The Government rejects publishing a long-term tax strategy

11 June 2021

Back in March I wrote about the Treasury Committee’s report entitled Tax after Coronavirus which considered, amongst other things, a reform of SDLT, a more comprehensive review and reform of the tax system and a one-off wealth tax.

The Government has now issued a response, which is interesting for what it does and does not say. Some highlights are as follows.

  • The Government has rejected any reduction in SDLT, citing the fact that it raises significant revenue (in 2019/20 it raised £8.4bn with an additional £3.2bn from non-resident SDLT). This is a blow for homeowners and industry professionals alike, who had hoped that decreasing the cost of moving home might help ensure that people lived in homes that were right for them, rather than simply staying in their existing homes for as long as possible.
  • The Government will not be publishing a long-term tax policy strategy, rejecting both the Committee’s and STEP’s recommendation, citing the risk that publishing a tax strategy might encourage taxpayers to take fore-stalling action. Implementing tax changes at little or no notice should ideally be the exception, rather than the rule. Tax policy, especially in the aftermath of Covid-19, should be considered in the round and public engagement and debate should be encouraged.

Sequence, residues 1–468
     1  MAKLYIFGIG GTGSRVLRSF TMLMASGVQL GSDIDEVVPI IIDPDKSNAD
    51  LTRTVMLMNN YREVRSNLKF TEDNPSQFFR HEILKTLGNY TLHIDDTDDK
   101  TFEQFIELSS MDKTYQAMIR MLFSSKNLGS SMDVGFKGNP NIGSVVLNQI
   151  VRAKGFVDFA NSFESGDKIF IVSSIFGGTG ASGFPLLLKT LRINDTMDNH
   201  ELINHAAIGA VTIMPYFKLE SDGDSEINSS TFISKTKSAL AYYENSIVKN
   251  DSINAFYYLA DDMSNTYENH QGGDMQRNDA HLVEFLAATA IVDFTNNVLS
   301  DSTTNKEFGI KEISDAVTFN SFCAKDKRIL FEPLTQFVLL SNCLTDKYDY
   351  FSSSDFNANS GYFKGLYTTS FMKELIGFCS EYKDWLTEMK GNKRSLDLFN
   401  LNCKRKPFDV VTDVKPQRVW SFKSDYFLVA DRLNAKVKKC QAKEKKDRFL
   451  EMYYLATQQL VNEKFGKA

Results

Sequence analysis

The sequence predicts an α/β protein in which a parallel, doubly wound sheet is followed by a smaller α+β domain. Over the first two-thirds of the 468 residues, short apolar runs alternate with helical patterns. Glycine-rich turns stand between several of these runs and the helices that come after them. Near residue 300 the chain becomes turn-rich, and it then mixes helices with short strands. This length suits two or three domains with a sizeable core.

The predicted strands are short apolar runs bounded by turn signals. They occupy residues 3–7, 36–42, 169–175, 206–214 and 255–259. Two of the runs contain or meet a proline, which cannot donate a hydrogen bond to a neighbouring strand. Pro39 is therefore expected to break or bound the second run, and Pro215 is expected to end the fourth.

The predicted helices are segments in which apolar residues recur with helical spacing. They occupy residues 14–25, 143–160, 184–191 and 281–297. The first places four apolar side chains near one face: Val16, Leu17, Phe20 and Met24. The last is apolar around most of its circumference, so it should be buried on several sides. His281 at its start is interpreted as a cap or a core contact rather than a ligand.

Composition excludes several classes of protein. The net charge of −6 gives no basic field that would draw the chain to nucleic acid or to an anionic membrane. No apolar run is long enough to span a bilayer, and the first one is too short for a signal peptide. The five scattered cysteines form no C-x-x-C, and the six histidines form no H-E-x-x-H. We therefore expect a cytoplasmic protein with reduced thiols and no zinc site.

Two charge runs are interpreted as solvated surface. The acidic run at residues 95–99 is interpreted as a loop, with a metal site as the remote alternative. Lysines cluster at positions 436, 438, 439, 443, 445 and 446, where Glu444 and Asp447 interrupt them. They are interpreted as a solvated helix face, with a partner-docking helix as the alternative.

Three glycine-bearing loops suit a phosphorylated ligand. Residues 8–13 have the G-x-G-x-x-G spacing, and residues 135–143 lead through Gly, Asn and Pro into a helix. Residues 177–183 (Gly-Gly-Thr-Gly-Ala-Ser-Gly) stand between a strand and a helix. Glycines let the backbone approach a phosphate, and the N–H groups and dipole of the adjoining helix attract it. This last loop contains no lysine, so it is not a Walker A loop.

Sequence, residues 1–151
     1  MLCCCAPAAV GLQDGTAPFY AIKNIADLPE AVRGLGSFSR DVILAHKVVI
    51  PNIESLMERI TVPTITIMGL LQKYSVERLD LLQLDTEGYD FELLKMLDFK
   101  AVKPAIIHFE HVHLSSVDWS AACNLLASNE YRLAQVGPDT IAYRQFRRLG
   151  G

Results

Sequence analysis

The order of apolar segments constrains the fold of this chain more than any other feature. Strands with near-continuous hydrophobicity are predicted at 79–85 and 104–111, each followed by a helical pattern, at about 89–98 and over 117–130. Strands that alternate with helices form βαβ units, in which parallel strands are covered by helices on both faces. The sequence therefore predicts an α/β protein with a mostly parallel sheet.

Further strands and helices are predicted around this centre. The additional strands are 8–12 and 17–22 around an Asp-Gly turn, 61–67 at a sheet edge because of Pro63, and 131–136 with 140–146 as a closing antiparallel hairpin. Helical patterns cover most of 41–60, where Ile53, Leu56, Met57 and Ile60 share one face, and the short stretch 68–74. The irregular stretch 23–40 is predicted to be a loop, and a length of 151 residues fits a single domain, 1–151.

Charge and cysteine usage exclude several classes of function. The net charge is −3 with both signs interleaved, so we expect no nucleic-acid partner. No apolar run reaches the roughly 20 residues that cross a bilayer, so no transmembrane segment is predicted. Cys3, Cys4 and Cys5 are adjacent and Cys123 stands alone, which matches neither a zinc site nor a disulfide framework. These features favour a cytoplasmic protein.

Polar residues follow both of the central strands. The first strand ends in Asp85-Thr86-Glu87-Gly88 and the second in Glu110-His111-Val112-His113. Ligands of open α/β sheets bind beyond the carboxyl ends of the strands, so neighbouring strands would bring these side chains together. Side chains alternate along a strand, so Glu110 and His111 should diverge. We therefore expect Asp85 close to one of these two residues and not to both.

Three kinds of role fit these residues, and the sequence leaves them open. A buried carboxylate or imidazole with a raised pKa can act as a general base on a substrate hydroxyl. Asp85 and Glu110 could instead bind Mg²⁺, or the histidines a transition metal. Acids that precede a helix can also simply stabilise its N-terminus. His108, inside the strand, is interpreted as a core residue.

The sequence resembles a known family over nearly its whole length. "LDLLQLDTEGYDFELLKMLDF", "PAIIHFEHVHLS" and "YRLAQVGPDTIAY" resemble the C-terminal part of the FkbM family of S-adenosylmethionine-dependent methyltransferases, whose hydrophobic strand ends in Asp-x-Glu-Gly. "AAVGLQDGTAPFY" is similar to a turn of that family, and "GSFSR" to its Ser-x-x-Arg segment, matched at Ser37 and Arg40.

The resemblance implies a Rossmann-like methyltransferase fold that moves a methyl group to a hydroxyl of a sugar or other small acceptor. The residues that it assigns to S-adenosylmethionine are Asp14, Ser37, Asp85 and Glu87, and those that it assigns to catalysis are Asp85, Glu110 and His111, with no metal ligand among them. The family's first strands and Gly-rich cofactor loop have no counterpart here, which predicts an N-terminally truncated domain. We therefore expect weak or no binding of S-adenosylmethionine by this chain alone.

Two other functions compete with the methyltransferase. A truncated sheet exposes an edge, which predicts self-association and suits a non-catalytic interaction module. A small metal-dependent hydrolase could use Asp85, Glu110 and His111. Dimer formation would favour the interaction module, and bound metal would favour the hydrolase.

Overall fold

• There was no mention of a potential wealth tax (albeit such a tax was simply discussed by the Treasury Committee and did not feature in their recommendations).

Although the Government has rejected some of these recommendations, it’s still likely that there are substantial changes to the tax system ahead. The tax agreement reached by the G7 this week is likely to lead to the OECD introducing a global minimum corporate tax rate of 15%, and the world’s 100 largest companies may need to reallocate up to 20% of their profits to reflect where sales were made. On the domestic front, the Office for Tax Simplification released its second review of capital gains tax recently, and some of those reforms may also be implemented.

whilst the Government appreciates the Committee’s detailed analysis and engagement on tax policy, I note that the balance of recommendations in the report leans away from measures that would help to repair the public finances in the coming years.